In today’s day and age, your online presence is important. In reality, your online presence could be viewed by your boss, co-workers, potential employers, your spouse’s divorce attorney, and post-divorce – by your potential date candidates. If you’re headed towards divorce, or are in the middle of it and anticipate re-entering the dating scene in the near future, be aware that Google can be your friend or your enemy.
If you’ve been married for a while, you may not realize that modern daters are in the practice of turning to Google before agreeing to date someone new and this applies to people both met online and in person. For example, suppose a man and a woman met at the Coffee Bean. After hitting it off in line while waiting for their coffees, the gentleman hands the woman a small piece of paper with his name and number and a written message that says, “Give me a call sometime.”
Even though the pair hit it off at the Coffee Bean, the woman doesn’t dare call or text the handsome stranger until after she Googles his name and takes a closer look at what Google turns up about him. So, before you go back on the dating scene, keep this story in mind and think twice about what your online presence says about you.
If a simple Google search will turn up unflattering information or pictures of you, it may be time to clean up your online presence before you join eHarmony, a singles group at your church, or take the leap and download the Tinder app. For the modern dater, the following types of information on someone online raises red flags and often causes the possible suitor to say, “Thanks, but no thanks.”
1. The married person.
The Facebook status says he’s married and his account is chockfull of pictures of his wife and children. If he has an eHarmony account or is otherwise looking for an extramarital relationship, his marital status will turn women away – and understandably so.
If you’re still married and you don’t want to change your relationship status on Facebook until you’re divorced, just realize that dating may be difficult until the divorce is over. If you and your spouse agree to date while the divorce is pending, just be prepared to tell the truth if dates ask you why your Facebook profile says you’re married.
2. The virtual ghost on Google.
For dates that may Internet stalk you before agreeing to go out, if they Google your name and they can’t find anything – they may wonder if you actually exist. Or, more specifically, if you’re lying about who you are. These days, one of the craziest things people can find while stalking someone online is nothing. If you’re a ghost on social media or don’t have a LinkedIn account, potential dates may think you have something to hide.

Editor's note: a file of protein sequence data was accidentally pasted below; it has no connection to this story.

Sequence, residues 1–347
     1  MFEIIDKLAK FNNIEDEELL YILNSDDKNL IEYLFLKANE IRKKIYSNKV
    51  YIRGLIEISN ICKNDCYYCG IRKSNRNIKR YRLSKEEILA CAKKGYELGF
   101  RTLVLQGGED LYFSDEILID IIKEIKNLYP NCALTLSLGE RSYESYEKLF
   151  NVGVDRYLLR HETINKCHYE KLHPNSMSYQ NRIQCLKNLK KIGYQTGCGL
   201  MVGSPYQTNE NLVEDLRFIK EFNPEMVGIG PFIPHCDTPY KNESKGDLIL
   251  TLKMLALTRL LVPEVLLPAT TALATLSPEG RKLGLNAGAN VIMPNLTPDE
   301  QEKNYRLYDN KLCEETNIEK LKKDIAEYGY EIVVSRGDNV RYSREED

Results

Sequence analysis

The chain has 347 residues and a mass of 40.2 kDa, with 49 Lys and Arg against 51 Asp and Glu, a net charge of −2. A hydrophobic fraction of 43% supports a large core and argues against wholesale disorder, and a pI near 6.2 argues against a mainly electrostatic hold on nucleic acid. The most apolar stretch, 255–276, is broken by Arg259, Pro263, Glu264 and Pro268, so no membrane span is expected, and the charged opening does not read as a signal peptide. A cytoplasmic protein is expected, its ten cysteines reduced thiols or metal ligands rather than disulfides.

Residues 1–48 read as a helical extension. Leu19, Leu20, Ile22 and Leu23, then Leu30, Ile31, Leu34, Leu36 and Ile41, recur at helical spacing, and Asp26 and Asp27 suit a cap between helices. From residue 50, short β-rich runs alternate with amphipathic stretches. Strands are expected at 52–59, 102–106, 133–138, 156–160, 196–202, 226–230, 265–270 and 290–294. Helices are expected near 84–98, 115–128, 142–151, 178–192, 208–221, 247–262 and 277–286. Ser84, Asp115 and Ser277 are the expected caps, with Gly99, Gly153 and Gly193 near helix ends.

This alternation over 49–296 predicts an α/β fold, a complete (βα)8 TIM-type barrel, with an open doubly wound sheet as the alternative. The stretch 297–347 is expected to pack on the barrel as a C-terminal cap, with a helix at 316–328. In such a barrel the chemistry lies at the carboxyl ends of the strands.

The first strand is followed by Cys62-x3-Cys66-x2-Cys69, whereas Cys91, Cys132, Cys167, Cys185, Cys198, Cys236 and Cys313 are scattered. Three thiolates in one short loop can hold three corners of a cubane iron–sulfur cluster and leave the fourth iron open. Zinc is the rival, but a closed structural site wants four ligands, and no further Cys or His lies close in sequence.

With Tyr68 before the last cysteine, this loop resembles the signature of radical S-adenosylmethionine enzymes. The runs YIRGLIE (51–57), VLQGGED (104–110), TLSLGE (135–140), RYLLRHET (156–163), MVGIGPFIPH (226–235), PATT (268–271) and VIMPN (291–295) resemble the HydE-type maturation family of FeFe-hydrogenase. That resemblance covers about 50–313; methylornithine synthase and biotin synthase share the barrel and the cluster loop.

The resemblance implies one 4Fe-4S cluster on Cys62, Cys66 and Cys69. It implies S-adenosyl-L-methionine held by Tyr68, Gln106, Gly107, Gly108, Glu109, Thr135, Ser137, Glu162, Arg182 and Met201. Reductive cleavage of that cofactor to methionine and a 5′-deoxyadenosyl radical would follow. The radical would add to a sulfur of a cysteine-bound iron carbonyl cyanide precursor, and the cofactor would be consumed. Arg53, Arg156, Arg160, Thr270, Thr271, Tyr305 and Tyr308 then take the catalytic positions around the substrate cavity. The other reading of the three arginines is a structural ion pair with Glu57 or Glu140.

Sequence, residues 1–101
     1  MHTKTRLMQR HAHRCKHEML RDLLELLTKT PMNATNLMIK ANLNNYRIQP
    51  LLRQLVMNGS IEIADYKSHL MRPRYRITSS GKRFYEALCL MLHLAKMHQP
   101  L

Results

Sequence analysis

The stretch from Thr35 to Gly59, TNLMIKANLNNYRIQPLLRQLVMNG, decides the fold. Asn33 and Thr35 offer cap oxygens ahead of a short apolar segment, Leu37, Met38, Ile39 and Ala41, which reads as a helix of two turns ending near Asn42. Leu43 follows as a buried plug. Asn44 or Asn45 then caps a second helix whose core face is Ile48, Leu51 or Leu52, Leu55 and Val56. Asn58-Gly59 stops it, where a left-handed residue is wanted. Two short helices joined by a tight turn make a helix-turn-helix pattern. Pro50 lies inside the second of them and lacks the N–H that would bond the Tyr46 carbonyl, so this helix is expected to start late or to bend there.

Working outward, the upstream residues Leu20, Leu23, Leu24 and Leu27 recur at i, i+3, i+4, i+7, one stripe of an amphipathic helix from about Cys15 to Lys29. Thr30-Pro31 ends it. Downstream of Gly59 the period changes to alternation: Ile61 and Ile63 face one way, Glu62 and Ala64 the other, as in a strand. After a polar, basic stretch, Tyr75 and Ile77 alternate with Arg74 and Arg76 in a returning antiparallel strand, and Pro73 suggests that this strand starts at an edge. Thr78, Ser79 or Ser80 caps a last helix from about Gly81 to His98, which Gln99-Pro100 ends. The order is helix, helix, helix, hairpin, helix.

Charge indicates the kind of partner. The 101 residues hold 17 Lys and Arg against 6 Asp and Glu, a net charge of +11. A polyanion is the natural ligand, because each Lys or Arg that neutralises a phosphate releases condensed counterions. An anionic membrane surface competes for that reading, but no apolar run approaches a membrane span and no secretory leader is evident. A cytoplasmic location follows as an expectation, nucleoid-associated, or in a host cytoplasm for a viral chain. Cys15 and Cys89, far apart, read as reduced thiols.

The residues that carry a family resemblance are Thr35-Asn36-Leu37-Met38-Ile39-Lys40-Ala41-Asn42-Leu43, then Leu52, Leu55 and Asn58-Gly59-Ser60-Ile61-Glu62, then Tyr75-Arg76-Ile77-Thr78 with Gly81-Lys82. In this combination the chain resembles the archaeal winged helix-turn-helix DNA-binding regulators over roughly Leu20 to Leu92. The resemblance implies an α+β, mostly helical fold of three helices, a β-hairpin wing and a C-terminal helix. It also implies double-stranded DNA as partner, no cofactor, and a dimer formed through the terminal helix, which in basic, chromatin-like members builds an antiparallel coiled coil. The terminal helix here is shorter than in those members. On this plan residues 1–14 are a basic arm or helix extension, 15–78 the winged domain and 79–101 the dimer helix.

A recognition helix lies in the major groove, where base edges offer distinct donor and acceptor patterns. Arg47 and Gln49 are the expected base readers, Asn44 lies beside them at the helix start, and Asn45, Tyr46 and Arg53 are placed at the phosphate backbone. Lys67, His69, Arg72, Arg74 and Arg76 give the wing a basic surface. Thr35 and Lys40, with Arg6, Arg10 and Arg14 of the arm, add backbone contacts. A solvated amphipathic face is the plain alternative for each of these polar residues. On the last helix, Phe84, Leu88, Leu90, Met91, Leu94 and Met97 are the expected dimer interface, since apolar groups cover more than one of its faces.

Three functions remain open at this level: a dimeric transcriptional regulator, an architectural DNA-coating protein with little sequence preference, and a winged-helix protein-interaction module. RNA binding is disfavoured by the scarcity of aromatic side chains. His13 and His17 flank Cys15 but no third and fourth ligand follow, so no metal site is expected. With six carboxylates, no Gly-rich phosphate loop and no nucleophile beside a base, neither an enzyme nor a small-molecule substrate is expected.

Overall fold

3. The criminal.
When a guy or gal goes to Google someone’s name and they uncover public arrest records for something such as driving under the influence (DUI), often the criminal record will scare the person away and no date will ever take place.
4. The social media star.
Occasionally, someone will look someone up online and discover that they’re a social media star of sorts. Perhaps they’ll have an insane number of followers on Twitter and Instagram, and a huge following. While this type of attention may be intriguing to some potential suitors, it may be a complete turnoff to others. So, if you become popular on social media because you are tracking your weight loss efforts or you become a YouTube star, just realize that not every romantic interest will be OK with all the attention.
5. The negative person.
Suppose you’re active on social media, particularly Facebook and Twitter as well as other online forums and one thing stands out about you: You dwell on the negative. If you have countless negative posts all over your “public” social media accounts and on online chatrooms, this will almost without question cause potential dates to lose interest in you. If you’re planning on dating again, you may want to rethink your online habits.
6. The person who has too much fun.
If you’re looking for a serious relationship but your Facebook, Twitter, and Instagram posts are full of pictures of you drinking and partying, these images may not help you reel in likeminded people who are looking for a meaning relationship. If you don’t want to give the impression that you’re dating around, you may want to take down a lot of the partying posts before they turn some truly great people away for good.
7. The complainer.
If your Facebook profile is public and you’ve spent the last six months ranting and raving about your ex and your divorce, such posts will not be appealing to a potential mate. Instead of making you look like an attractive candidate, you will look like a complainer and depending on your updates, you could look like you’re still hung up on your ex.
8. The narcissist.
If you have gone through a divorce makeover and you have never looked better, then congratulations! However, if your Facebook and Instagram feed are full of dozens, if not hundreds of selfies where you’re showing off your amazing results, you may come across as a narcissist. If others suspect you have undiagnosed Narcissistic Personality Disorder, you may want to overhaul your social accounts so you won’t be perceived that way. After all, you want potential dates to see a well-rounded version of who you are, not just what you look like on the outside.
Before you go back to dating following your divorce, assess your online presence and make sure that when people Google your name, they see what you want them to see. If you don’t Google yourself first, others may decide not to date you because of what they find online – and you may never realize that your Google search results (your name) are acting against you.
Need legal assistance with a family law matter? Contact the Los Angeles divorce attorneys at Claery & Hammond, LLPfor a confidential, free consultation.